The Examiner

P’ville Officials Ponder Eliminating Manville-Wheeler Traffic Light

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By James Anderson

The traffic signal at Manville Road and Wheeler Avenue (foreground) could be eliminated because it is too close to the light at Washington Avenue, confusing some drivers.

Pleasantville village officials may support removal of the traffic signal at Manville Road and Wheeler Avenue because having two lights in quick succession has been confusing to drivers and doesn’t comply with current traffic standards.

The Village Board met last Wednesday to discuss whether to back the plan, which would also eliminate the crosswalk across Manville Road from near the municipal parking lot to the pocket park, and to shift the crosswalk at the next light, from the corner of Washington Avenue at the Dunkin’ Donuts, to eliminate the longer, diagonal crosswalk for pedestrians.

Mayor Peter Scherer said for about the past 25 years there has been the double set of lights since Wheeler Avenue was converted to a one-way street.

“Ever since, folks have commented that they find them confusing because, in part, as you come in either direction on Manville, you can be in a situation where you see a green light and a red light in a relatively close order,” Scherer said.

The state Department of Transportation (DOT), which has jurisdiction over Manville Road, has determined that the current setup is “non-standard” and should be addressed, he said.

Village officials said the DOT is concerned about traffic flow in the area should the elimination of the traffic signal be made. Potential congestion at the Manville Road-Wheeler Avenue intersection caused by cars making a left-hand turn onto Wheeler is possible.

According to data from a two-day traffic study conducted by DOT, at peak times there are about 400 vehicles moving through the intersection per hour and 10 percent of them are making the left turn from Manville Road onto Wheeler Avenue.

Several options were discussed on how to avoid congestion, including extra signage or painting “don’t block the box” striping or white no-car zones onto the road. Trustee David Vinjamuri suggested making Wheeler Avenue pedestrian only.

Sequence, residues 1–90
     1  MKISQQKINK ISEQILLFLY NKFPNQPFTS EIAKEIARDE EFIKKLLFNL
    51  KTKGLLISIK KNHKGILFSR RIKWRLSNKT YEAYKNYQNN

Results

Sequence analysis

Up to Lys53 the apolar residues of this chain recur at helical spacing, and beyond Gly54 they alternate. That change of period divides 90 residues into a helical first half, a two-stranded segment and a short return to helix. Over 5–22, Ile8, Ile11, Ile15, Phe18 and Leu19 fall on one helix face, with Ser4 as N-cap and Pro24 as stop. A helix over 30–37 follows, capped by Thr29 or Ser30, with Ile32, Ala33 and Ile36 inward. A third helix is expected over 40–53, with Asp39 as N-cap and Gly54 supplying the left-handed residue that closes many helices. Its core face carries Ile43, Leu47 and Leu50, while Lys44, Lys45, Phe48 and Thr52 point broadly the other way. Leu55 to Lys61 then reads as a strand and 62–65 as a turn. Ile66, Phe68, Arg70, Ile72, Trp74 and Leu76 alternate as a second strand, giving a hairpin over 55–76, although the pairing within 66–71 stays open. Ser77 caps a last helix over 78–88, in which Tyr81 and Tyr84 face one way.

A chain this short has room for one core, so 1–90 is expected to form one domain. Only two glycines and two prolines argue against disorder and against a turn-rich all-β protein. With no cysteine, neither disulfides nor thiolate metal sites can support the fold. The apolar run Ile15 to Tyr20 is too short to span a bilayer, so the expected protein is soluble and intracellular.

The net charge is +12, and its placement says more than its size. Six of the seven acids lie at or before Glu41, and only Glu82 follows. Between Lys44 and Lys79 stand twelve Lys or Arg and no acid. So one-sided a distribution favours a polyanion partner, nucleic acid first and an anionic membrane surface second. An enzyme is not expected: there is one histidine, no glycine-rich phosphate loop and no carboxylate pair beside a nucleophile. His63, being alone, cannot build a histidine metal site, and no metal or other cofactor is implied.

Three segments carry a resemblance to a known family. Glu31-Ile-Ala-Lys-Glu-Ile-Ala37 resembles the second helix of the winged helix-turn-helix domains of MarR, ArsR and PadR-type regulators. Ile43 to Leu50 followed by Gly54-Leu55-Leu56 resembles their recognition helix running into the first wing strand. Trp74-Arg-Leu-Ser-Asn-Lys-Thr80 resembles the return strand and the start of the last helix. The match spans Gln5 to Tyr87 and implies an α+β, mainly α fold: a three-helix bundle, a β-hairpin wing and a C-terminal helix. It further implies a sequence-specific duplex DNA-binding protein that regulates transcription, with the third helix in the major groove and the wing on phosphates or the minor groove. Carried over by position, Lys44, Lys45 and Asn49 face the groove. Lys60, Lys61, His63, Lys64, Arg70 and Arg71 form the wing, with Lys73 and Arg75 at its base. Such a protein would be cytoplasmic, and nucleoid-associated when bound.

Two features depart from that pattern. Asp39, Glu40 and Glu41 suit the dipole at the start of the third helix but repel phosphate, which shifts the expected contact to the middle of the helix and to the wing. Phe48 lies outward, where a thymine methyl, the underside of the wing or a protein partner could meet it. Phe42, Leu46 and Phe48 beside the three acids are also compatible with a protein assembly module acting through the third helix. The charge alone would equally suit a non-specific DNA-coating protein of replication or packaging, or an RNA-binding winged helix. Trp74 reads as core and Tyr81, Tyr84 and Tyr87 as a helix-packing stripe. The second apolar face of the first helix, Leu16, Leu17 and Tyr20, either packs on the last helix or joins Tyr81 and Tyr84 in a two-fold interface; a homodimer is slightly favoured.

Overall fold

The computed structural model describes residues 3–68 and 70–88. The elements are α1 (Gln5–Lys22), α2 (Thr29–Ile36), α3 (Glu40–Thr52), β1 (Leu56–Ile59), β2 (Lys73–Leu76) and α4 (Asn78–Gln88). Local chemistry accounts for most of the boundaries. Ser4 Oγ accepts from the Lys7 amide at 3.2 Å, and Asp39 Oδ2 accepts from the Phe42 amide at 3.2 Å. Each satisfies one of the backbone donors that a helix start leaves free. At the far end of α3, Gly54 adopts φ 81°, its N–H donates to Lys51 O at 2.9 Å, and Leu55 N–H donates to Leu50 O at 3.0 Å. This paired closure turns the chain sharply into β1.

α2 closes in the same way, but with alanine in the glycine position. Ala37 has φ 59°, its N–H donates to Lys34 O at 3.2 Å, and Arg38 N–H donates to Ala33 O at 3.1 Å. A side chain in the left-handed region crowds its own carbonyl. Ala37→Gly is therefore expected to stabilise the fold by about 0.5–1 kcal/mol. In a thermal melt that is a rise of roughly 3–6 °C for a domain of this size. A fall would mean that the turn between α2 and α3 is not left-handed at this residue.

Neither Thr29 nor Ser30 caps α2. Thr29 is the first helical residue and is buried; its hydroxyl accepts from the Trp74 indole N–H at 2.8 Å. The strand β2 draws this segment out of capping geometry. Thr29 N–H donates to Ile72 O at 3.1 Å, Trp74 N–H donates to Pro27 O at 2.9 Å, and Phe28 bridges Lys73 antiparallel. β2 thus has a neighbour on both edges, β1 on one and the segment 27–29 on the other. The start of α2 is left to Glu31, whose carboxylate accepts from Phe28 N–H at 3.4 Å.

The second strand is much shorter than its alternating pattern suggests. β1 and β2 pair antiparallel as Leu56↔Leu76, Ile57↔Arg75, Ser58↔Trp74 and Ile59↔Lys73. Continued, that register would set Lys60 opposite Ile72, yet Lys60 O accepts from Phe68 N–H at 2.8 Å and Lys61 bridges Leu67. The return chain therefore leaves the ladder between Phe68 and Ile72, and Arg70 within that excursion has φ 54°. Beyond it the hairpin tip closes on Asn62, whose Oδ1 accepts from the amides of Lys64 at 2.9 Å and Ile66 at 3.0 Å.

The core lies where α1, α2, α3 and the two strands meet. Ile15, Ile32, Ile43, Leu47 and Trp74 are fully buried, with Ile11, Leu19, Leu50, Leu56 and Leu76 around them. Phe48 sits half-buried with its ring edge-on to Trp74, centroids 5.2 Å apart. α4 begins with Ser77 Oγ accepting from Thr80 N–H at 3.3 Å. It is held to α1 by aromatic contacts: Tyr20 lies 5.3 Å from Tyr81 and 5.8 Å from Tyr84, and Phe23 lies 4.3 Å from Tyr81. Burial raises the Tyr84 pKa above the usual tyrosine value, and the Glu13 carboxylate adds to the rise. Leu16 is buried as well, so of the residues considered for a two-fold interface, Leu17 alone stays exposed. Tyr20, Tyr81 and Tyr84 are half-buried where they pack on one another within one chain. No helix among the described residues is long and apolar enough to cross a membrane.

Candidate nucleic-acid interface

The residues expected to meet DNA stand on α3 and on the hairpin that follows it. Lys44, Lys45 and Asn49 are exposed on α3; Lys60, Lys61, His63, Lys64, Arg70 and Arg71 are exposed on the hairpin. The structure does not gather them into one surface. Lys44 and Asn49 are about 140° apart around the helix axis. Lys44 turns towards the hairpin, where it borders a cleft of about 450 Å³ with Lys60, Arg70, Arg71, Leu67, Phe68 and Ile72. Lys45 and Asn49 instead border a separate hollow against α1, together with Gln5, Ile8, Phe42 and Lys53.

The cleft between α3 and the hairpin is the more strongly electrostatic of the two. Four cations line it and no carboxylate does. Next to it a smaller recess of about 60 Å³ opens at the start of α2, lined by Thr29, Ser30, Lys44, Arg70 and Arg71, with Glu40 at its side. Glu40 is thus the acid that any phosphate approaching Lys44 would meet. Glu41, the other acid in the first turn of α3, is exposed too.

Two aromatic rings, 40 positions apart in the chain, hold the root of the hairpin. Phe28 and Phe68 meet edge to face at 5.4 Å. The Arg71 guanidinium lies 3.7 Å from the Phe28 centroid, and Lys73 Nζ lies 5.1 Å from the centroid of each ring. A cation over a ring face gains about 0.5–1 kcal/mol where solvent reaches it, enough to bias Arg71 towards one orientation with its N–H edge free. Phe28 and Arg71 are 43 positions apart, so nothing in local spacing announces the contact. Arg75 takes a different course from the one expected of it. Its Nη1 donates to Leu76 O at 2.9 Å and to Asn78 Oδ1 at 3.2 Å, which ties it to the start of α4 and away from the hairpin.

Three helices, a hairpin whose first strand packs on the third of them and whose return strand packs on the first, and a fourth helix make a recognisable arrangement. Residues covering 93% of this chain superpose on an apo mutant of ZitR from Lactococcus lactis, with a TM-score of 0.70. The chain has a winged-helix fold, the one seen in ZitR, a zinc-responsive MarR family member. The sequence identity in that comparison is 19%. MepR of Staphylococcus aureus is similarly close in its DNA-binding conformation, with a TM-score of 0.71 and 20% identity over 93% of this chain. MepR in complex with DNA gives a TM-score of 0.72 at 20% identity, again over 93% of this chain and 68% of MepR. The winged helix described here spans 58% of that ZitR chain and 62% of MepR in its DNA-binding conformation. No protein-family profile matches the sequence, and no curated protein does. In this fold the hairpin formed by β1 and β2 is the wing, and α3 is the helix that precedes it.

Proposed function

The other possibility the village could consider is keep the back-to-back signals and have them rebuilt on a different system. However, Scherer said that would cost the village $300,000 to $400,000, since the state would not pay for that.

While only three members of the board attended the hastily called work session late last Wednesday afternoon, there appears to be majority support for elimination of the light at Wheeler Avenue. The work session was attended by Scherer, Vinjamuri and Joseph Stargiotti.

“I would say the three of us who were there were presumably of a mind that the removal of the light was a better option than spending a whole lot of money, which might in the end be an effort to maintain the status quo, especially given the status quo has been problematic,” Scherer said.

The mayor mentioned that the board is likely to make a final decision on the matter over the next couple of months. The issue needs to be settled before the village undertakes the $2.25 million Manville Road streetscape project. Construction is scheduled to begin sometime next spring, Scherer said.

The Manville Road streetscape will include the elimination of the slip lane from Memorial Plaza onto Manville Road; reconfiguration of the intersection at Memorial Plaza and Grant Street to allow for a right-hand turn lane onto Manville; and a pedestrian island on Manville Road to enhance pedestrian safety.

Pleasantville has received a $1.5 million federal grant that is being administered by the state to pay for the majority of the streetscape and is committed to contributing a mandatory $750,000 of its own money. Scherer said that estimates have indicated that the price tag should be close to the budgeted $2.25 million.

In the spring of 2021, village officials are planning to undertake the work associated with the civic space project, which would develop about a half-acre at the west end of Memorial Plaza that would include landscaping and benches.

Martin Wilbur contributed to this article.


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